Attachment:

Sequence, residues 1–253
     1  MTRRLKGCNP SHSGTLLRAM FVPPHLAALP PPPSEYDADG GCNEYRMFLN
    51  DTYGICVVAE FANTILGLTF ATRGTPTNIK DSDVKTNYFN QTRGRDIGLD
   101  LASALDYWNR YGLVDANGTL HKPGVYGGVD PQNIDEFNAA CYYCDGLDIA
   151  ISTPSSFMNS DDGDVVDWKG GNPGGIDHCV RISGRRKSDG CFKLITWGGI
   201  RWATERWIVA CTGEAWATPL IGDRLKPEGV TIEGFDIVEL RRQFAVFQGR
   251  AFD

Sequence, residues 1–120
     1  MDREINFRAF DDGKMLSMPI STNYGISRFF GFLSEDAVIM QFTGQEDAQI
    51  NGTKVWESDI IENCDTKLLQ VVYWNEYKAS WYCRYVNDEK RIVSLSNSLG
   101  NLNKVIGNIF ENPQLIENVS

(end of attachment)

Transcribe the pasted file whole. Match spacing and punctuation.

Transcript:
Sequence, residues 1–253
     1  MTRRLKGCNP SHSGTLLRAM FVPPHLAALP PPPSEYDADG GCNEYRMFLN
    51  DTYGICVVAE FANTILGLTF ATRGTPTNIK DSDVKTNYFN QTRGRDIGLD
   101  LASALDYWNR YGLVDANGTL HKPGVYGGVD PQNIDEFNAA CYYCDGLDIA
   151  ISTPSSFMNS DDGDVVDWKG GNPGGIDHCV RISGRRKSDG CFKLITWGGI
   201  RWATERWIVA CTGEAWATPL IGDRLKPEGV TIEGFDIVEL RRQFAVFQGR
   251  AFD

Sequence, residues 1–120
     1  MDREINFRAF DDGKMLSMPI STNYGISRFF GFLSEDAVIM QFTGQEDAQI
    51  NGTKVWESDI IENCDTKLLQ VVYWNEYKAS WYCRYVNDEK RIVSLSNSLG
   101  NLNKVIGNIF ENPQLIENVS